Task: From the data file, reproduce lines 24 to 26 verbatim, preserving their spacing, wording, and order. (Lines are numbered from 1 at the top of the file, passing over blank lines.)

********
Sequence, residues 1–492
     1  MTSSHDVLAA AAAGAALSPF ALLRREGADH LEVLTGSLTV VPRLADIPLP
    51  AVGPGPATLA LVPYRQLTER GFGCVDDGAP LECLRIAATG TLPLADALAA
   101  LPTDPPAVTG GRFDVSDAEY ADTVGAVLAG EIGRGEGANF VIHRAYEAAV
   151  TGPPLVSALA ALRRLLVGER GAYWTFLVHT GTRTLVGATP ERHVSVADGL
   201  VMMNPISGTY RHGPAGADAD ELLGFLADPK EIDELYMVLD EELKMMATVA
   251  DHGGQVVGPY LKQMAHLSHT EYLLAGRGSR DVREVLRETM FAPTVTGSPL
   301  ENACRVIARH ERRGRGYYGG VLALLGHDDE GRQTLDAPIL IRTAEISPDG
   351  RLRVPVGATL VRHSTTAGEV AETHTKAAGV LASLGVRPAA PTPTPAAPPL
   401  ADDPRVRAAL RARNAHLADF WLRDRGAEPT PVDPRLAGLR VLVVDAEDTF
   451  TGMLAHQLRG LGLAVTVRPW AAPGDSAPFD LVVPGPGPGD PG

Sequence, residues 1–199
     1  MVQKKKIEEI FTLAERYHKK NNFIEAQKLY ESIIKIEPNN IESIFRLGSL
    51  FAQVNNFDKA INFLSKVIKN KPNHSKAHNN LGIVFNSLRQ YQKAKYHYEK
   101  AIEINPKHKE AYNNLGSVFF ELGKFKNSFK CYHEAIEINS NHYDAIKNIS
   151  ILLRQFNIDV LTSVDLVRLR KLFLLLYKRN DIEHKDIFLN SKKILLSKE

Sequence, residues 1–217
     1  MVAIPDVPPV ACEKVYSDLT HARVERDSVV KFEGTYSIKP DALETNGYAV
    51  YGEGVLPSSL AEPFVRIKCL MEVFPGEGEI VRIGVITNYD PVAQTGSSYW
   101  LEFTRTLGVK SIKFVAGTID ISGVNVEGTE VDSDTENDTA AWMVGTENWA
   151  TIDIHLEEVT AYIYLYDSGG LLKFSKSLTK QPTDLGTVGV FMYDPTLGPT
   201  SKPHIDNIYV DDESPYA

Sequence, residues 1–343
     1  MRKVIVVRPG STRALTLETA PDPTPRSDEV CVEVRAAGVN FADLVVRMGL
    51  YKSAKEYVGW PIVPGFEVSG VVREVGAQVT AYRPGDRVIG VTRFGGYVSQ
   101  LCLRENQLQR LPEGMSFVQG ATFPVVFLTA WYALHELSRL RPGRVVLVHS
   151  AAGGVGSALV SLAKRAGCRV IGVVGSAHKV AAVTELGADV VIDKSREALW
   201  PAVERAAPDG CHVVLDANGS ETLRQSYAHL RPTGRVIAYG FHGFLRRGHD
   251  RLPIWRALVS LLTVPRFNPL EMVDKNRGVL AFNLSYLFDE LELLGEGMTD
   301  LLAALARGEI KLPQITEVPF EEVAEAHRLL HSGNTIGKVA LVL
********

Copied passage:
     1  MRKVIVVRPG STRALTLETA PDPTPRSDEV CVEVRAAGVN FADLVVRMGL
    51  YKSAKEYVGW PIVPGFEVSG VVREVGAQVT AYRPGDRVIG VTRFGGYVSQ
   101  LCLRENQLQR LPEGMSFVQG ATFPVVFLTA WYALHELSRL RPGRVVLVHS